The future home that you may want to purchase, move to, or trade for:
- a home that has a bedroom on the first floor (anyone who has experienced mobility issues for themselves or a family member, whether temporary or permanent, understands the need to avoid stairs)
- one story home, in either age or non-age restricted community
- located close to family, job opportunities, transportation, services, shopping, hospital, etc.
- multi-generational home that will accommodate an extended family to save on assisted living costs for parents or living costs for children
- a place that is easier to maintain (less space to clean, landscape, etc)
- or a home that requires less financial burdens (i.e. mortgage payments)
Read article: How to afford to retire in California
Financial moves to get ready for the next economic downturn
It would be nice to be debt-free, have plenty of liquid cash, a diversified portfolio of investments, and be recession-proof.
But if you are still a few steps aways from making this reality, consider the following financial moves before a recession hits.
Generally, around the peak of an economic cycle (just before a recession hits) favorable conditions for individuals exist:
- official home appraisal values are still high
- income stream from jobs, business, independent contractor incomes are coming in steadily (no mass-layoffs and low unemployment)
- one’s credit profile is good (no 30-90 day late payments, no excessive debt to limit loans, no bankruptcy, no short- sale or no foreclosure)
As the economy moves from peak to recession; the following issues will prevent an individual from making a move:
- when home prices dip; many homeowners may find that their mortgage balance exceeds the value of the home (Short-sale scenario)
- faced with slow-down in business income or sudden unemployment, qualifying for a loan becomes harder or impossible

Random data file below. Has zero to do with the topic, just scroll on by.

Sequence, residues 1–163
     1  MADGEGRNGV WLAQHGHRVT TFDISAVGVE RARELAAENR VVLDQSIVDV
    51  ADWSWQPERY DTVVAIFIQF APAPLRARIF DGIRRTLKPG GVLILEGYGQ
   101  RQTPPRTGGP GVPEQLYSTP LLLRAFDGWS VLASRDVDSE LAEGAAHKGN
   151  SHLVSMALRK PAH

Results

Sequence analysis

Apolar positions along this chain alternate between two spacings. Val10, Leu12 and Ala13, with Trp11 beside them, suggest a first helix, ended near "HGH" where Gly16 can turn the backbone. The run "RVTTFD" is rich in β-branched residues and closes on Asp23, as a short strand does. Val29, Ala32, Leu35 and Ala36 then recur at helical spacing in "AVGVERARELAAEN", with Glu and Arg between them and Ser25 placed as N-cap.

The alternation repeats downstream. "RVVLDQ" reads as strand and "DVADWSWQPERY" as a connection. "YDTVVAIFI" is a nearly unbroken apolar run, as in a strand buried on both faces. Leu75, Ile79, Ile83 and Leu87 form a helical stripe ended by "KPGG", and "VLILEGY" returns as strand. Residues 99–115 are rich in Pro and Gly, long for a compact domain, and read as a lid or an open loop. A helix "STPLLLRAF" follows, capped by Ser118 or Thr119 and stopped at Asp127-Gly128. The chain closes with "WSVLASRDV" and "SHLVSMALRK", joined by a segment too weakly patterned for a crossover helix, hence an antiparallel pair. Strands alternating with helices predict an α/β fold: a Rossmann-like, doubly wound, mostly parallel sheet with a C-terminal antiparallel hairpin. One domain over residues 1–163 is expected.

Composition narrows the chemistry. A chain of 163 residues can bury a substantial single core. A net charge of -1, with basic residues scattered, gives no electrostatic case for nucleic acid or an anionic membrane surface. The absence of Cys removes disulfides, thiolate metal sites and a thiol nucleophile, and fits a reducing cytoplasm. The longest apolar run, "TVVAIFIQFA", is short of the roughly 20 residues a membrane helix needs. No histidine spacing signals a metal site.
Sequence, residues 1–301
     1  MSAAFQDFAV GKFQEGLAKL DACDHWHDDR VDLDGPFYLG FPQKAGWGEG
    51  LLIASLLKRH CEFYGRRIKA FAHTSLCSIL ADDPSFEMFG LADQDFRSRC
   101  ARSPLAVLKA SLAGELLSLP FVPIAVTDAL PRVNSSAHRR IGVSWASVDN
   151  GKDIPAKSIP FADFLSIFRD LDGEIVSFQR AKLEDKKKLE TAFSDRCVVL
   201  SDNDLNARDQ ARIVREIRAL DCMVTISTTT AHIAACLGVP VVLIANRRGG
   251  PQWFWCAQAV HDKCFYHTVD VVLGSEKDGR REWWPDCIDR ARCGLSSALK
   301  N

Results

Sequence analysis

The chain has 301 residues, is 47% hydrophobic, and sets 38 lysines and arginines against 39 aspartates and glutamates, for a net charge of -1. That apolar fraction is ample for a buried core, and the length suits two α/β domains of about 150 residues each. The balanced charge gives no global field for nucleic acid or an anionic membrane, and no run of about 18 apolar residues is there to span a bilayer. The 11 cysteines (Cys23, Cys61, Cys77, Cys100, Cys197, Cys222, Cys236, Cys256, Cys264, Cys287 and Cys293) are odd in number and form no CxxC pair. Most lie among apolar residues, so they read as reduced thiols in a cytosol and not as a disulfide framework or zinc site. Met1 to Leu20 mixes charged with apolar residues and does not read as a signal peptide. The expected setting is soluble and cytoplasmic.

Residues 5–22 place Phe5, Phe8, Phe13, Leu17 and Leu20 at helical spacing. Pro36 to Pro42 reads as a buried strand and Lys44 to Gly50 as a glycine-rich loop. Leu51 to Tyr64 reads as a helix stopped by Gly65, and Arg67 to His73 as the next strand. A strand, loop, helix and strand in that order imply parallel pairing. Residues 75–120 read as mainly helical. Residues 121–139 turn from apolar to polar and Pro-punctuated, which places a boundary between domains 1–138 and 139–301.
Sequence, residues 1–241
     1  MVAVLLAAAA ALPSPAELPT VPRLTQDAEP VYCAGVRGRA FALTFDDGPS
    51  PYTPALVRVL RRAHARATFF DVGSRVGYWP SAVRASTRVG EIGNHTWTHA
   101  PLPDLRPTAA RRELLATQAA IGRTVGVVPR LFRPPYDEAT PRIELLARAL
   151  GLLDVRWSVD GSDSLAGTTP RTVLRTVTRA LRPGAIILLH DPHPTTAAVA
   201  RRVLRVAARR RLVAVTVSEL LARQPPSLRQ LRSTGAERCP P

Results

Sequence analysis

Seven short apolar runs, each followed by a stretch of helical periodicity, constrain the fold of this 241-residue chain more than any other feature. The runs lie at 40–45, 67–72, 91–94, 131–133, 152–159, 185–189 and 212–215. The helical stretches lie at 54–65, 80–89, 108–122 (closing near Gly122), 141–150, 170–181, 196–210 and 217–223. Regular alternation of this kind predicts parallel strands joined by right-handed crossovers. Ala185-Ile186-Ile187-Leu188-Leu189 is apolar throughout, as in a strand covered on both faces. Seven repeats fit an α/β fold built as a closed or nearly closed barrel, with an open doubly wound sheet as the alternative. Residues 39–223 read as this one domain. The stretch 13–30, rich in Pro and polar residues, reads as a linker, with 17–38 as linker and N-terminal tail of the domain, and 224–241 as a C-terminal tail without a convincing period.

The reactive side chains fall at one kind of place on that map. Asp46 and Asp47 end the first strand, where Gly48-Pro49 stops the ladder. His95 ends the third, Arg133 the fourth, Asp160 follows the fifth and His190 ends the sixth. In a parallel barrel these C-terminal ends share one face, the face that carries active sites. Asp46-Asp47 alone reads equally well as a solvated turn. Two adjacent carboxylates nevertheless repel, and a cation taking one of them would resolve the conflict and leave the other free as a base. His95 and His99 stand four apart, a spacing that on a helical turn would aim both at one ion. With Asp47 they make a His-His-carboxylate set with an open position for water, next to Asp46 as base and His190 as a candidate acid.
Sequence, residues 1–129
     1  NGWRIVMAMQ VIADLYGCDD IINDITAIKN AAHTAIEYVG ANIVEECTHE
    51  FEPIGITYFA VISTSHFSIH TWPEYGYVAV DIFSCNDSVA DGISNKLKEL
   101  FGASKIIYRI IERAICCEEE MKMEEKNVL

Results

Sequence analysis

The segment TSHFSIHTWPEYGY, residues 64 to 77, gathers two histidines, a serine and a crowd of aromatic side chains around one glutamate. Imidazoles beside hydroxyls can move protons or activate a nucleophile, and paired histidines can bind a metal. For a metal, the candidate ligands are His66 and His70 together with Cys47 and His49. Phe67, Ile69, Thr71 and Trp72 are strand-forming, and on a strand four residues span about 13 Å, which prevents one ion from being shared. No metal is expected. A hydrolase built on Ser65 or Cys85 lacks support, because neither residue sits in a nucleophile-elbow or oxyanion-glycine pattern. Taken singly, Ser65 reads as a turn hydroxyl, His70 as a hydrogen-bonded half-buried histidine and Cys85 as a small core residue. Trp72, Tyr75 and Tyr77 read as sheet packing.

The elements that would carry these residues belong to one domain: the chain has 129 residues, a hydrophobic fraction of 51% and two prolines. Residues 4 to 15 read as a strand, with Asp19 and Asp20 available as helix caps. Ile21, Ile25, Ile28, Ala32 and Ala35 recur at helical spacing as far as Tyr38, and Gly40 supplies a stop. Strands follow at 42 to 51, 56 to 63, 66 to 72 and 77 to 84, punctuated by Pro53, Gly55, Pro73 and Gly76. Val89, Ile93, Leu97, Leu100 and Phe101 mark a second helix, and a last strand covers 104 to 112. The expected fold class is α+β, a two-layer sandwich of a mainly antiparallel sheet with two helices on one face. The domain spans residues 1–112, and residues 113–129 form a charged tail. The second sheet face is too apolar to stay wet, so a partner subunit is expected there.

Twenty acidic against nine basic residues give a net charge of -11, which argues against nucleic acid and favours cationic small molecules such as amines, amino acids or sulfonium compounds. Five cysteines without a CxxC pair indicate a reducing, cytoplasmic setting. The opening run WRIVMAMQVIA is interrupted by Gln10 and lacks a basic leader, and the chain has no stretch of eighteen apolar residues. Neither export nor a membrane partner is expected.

- credit profiles also take a dive when there are excessive use or late payments on credit cards, student loans, auto-loans, and mortgages
Here are the financial moves that you want to make when economic times are still good!
Cash is king. In a recession, unexpected costs cause extra stress beyond financial. Emotional and mental anguish can result from worrying about where to get the money to pay for necessary living expenses.
Buffer up your cash reserves now
- Trim away all unnecessary expenses and purchases
- Subscribe to automatic transfer to a liquid savings account including retirement accounts such as 401K
- Consider establishing another stream of income for diversification – perhaps leverage existing skills into extra cash in the new “gig” economy.
- Open a Health Savings Account (HSA) to build up your pre-tax dollars to cover health expenses
Rebalance your portfolio
If you are invested in the stock market, review your accounts to make sure that they are well-balanced to meet your risk tolerance and time-frame. This might mean moving from very aggressive mutual funds or volatile stocks if you are close to retirement, or already in retirement.
Refinance existing debts to lower rates and/ or payments
While you can still qualify, now is the time to refinance, consolidate, and lower any monthly financial obligations including mortgages.
Consider the following questions when you speak with a mortgage loan advisor:
- How long do you expect to live in the home? There are closing costs, interest charges, and time, to factor in to find out whether a refinance makes financial sense.
- Could you trim down the years on your mortgage from say 26 years more to go and refinance to a 25 year, 20 year, 15 year mortgage vs. getting another 30 year mortgage if the payments are affordable?
Open a home equity line of credit
Why open a home equity line of credit (HELOC) when times are still good?
- a home equity line of credit offers lower rates than other unsecured loans such as credit card advances or personal loans in case of an emergency.
- easier to qualify for a HELOC when home appraisal values are still high, credit and income profiles are good
- a HELOC provides you immediate cash available in case of unexpected costs such as home repairs, unforeseen medical expenses, etc.
- you pay zero interest if you carry a zero balance and enjoy the flexibility of paying interest only on what you use